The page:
“Courage. Kindness. Friendship. Character. These are the qualities that define us as human beings, and propel us, on occasion, to greatness.”
Wow, just wow. This sure is a wonderful book, except for maybe the somewhat cheesy ending. Still, I couldn’t bring myself giving Wonder any less than the full five stars… I’ve had this one on my radar for a while now, and I’m glad I finally decided to read it. R.J. Palacio was able to create both wonderful characters and give us valuable lessons about life… And show that the only thing that really does matter is what is on the inside. The main character in Wonder is August, a boy who was born with serious birth defects and he doesn’t exactly have a normal face. People judge him for it and some kids are even afraid… And August has never been to school; until now. The prose is brilliant and I really loved August, Via and Summer as a character. Kids can be cruel, but you can see how their opinion slowly changes as they get to learn the ‘real’ August. Highly recommended if you enjoy reading contemporary fiction!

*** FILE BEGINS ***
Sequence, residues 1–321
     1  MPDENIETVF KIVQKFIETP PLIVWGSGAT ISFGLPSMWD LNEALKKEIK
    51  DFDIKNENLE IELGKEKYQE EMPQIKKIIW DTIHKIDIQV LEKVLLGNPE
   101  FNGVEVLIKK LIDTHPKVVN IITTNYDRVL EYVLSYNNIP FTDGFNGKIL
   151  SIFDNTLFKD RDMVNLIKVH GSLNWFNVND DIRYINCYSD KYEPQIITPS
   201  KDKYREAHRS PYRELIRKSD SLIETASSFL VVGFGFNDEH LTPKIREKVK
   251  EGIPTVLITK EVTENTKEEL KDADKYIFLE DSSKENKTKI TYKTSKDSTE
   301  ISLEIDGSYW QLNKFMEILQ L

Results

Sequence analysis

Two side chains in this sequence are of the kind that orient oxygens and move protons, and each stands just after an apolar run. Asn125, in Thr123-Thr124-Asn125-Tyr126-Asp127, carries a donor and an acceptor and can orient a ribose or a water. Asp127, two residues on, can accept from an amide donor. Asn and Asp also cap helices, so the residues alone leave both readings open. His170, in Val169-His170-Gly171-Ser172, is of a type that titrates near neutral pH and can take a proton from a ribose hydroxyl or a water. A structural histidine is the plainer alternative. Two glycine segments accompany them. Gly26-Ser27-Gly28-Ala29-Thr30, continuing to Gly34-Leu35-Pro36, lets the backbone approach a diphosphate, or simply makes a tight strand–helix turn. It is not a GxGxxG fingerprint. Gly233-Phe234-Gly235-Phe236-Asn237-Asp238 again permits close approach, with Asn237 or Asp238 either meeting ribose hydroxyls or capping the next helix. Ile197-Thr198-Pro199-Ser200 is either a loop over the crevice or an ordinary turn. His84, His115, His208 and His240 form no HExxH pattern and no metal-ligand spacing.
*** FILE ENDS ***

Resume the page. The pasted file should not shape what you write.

August isn’t exactly an ordinary ten-year-old. He is on the inside, but because of his birth defects his face is as abnormal as it can get. His parents and sister try to protect him from the cruel world outside and he has never been to school… Until now. August desperately wants to be normal, but the other kids don’t know how to react to him. Some are even afraid… Kids can be cruel, but with the help of some people with really big hearts August will try to convince his classmates that he is just like them. Will they let him into their lives in the end?
Wonder is such a beautiful read! Sure, it’s sad at times, but unfortunately the initial reactions of his classmates are quite accurate in the real world as well. More and more people are judged by their appearance, but what really counts is what kind of person you are on the inside… R.J. Palacio shows this perfectly in her novel. The end is a bit cheesy, but the prose is beautiful and I really enjoyed the characters. The story is told from the point-of-view of August and those closest to him, giving you various perspectives on what happens during his first schoolyear. Definitely recommended!